Gels

Take a Tip From Amy Gustafson: Pre-lighting Gels

Nail tech, Elite Design educator, and NTNA competitor Amy Gustafson has developed a pre-lighting technique to prevent heat spikes. 

Amy Gustafson
<p>Amy Gustafson</p>

Nail tech, Elite Design educator, and NTNA competitor Amy Gustafson has developed a pre-lighting technique to prevent heat spikes. “You can slowly insert the hand into the UV lamp starting about 6 inches away,” she explains. “This allows you to control the heat and helps slow the reaction down.”

Gels vary in how long they take to cure and the amount of heat they produce, and different lamps affect cure times too, so there isn’t a set amount of time to pre-light for. “I always do a slow pre-light when applying the initial base layer,” says Gustafson. “After that first layer, there tends to be less heat, so you can continue to pre-light, but you’ll find the movement towards the lamp is very quick (better to be safe than sorry.)”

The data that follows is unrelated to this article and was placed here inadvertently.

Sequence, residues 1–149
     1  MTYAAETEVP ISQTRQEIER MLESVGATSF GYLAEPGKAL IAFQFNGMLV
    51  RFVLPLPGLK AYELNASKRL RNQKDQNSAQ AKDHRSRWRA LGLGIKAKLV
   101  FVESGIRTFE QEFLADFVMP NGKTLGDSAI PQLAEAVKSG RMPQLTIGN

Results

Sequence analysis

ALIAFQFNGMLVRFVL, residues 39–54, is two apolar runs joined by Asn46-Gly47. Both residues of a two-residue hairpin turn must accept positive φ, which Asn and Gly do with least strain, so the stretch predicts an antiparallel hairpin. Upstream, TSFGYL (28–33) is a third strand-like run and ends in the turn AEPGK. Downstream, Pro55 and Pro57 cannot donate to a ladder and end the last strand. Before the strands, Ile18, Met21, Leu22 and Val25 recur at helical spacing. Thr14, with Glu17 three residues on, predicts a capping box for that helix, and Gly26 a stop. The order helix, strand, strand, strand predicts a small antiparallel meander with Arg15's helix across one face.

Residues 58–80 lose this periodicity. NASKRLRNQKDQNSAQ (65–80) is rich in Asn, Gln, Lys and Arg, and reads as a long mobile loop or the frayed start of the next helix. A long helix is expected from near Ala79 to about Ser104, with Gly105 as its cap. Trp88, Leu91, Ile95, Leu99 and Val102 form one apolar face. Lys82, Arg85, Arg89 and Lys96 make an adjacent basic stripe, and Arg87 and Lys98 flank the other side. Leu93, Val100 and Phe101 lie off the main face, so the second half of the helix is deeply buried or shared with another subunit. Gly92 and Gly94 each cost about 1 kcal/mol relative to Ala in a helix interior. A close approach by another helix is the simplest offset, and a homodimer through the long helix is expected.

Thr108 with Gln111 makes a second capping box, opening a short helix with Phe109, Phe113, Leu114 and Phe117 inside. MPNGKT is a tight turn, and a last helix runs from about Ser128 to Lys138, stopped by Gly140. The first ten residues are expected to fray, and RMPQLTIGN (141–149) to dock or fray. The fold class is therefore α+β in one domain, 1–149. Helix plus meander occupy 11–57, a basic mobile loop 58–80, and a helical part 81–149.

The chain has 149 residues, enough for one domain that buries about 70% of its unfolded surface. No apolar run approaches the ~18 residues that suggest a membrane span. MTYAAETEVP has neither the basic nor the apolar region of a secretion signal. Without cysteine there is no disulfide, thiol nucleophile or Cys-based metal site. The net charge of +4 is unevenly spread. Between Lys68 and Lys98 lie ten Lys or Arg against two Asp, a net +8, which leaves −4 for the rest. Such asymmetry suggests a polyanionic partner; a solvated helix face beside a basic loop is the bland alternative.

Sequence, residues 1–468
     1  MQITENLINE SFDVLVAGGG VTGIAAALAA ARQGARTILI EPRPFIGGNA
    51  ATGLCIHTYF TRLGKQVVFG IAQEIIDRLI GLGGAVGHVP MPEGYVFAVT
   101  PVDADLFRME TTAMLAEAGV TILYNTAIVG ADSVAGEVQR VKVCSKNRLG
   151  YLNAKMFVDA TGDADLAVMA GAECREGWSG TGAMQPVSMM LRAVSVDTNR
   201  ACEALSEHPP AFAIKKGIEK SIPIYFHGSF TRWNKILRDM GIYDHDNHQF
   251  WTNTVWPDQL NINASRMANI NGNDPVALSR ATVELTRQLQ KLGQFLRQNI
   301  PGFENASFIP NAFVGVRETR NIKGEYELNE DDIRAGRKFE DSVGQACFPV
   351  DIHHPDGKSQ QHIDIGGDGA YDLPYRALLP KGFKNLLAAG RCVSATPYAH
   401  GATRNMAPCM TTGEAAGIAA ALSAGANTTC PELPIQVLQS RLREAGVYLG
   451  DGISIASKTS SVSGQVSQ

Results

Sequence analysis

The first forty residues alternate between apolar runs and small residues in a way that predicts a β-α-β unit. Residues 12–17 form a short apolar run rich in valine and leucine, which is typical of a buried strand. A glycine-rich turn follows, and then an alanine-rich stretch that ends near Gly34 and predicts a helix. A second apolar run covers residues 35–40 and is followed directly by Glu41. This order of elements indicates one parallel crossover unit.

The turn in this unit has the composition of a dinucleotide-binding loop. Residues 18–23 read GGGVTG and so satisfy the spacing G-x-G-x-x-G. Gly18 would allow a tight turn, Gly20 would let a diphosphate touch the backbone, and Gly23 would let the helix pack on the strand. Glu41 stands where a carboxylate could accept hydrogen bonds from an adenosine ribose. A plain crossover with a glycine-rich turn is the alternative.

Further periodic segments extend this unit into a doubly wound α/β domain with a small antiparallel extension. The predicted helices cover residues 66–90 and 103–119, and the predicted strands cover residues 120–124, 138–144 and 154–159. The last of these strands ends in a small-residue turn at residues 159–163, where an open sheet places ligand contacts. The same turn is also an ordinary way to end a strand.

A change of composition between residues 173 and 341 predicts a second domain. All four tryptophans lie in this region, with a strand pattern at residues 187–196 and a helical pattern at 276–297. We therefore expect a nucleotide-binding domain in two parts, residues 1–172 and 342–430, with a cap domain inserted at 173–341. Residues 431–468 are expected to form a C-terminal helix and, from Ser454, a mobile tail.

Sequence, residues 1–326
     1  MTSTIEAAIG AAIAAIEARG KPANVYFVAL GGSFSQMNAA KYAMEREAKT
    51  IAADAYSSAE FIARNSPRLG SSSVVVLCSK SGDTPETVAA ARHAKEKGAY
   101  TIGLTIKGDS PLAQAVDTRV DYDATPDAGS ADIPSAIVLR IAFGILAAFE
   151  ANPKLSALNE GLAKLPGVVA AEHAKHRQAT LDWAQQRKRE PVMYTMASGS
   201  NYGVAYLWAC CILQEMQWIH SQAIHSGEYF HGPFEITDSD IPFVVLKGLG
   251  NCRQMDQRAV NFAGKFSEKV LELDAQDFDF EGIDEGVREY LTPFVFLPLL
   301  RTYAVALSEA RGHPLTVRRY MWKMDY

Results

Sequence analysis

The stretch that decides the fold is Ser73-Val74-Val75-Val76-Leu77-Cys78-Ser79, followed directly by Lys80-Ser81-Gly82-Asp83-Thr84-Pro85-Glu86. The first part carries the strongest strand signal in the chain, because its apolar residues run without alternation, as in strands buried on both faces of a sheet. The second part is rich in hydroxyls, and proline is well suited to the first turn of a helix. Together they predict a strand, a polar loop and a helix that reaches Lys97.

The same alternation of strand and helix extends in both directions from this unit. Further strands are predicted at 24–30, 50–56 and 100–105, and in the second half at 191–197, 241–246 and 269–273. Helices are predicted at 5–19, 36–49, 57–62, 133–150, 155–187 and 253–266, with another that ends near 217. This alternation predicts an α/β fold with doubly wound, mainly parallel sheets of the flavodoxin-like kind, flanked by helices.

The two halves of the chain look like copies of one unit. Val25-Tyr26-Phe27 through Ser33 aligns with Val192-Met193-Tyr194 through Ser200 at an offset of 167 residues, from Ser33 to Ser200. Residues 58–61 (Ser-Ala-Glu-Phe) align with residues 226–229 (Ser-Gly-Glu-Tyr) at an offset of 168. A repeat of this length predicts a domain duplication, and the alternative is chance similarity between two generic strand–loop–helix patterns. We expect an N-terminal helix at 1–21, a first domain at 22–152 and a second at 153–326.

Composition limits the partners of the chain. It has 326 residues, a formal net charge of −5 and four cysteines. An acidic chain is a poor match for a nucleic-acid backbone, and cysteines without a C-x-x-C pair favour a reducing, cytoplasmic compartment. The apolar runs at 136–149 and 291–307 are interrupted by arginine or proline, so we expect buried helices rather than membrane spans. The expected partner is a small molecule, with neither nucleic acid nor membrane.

After applying the first layer of gel, Gustafson gradually moves the nails toward the light. If the client experiences any warm or tightening sensations, she holds the position and waits until the feeling passes. Once the client’s hand is in the lamp, the cure time is started. “Every client is different so this method is great because you are in control,” says Gustafson. “Take your time walking your client through it for the first time — it makes it easier for them to guide their hand in on their own in the future.” For clients with more sensitive nail beds, Gustafson has another, quicker method used mostly for applying a top coat. She removes the bottom of the lamp and raises it slightly above the hand, moving downward and holding her place if the client feels any sensation.

“I’ve heard so many horror stories of clients scared to get their nails done because of the heat they’ve felt. It’s 100% avoidable, and it’s our job as professionals to ensure our clients are comfortable,” says Gustafson.

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